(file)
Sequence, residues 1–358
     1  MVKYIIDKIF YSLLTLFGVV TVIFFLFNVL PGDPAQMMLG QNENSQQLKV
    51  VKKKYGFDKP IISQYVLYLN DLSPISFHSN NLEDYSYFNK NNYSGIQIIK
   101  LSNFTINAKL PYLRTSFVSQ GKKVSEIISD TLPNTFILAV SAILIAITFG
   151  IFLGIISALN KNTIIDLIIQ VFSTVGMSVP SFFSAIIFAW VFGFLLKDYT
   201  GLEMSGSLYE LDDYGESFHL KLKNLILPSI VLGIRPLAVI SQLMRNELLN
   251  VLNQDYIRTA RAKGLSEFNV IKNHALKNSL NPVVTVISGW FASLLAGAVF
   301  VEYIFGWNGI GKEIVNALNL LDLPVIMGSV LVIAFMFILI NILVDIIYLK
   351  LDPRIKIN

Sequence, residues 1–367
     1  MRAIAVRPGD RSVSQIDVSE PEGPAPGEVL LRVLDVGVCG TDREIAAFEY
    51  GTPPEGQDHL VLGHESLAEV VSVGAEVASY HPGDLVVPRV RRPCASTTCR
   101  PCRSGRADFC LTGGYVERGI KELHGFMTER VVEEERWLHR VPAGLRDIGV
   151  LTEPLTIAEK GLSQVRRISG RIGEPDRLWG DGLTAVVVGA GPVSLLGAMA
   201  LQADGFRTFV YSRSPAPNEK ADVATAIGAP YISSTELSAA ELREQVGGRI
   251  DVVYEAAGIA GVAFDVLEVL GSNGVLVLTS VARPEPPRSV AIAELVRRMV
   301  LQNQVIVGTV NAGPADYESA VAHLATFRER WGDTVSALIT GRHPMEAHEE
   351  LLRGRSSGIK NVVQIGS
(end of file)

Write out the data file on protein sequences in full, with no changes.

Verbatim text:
Sequence, residues 1–358
     1  MVKYIIDKIF YSLLTLFGVV TVIFFLFNVL PGDPAQMMLG QNENSQQLKV
    51  VKKKYGFDKP IISQYVLYLN DLSPISFHSN NLEDYSYFNK NNYSGIQIIK
   101  LSNFTINAKL PYLRTSFVSQ GKKVSEIISD TLPNTFILAV SAILIAITFG
   151  IFLGIISALN KNTIIDLIIQ VFSTVGMSVP SFFSAIIFAW VFGFLLKDYT
   201  GLEMSGSLYE LDDYGESFHL KLKNLILPSI VLGIRPLAVI SQLMRNELLN
   251  VLNQDYIRTA RAKGLSEFNV IKNHALKNSL NPVVTVISGW FASLLAGAVF
   301  VEYIFGWNGI GKEIVNALNL LDLPVIMGSV LVIAFMFILI NILVDIIYLK
   351  LDPRIKIN

Sequence, residues 1–367
     1  MRAIAVRPGD RSVSQIDVSE PEGPAPGEVL LRVLDVGVCG TDREIAAFEY
    51  GTPPEGQDHL VLGHESLAEV VSVGAEVASY HPGDLVVPRV RRPCASTTCR
   101  PCRSGRADFC LTGGYVERGI KELHGFMTER VVEEERWLHR VPAGLRDIGV
   151  LTEPLTIAEK GLSQVRRISG RIGEPDRLWG DGLTAVVVGA GPVSLLGAMA
   201  LQADGFRTFV YSRSPAPNEK ADVATAIGAP YISSTELSAA ELREQVGGRI
   251  DVVYEAAGIA GVAFDVLEVL GSNGVLVLTS VARPEPPRSV AIAELVRRMV
   301  LQNQVIVGTV NAGPADYESA VAHLATFRER WGDTVSALIT GRHPMEAHEE
   351  LLRGRSSGIK NVVQIGS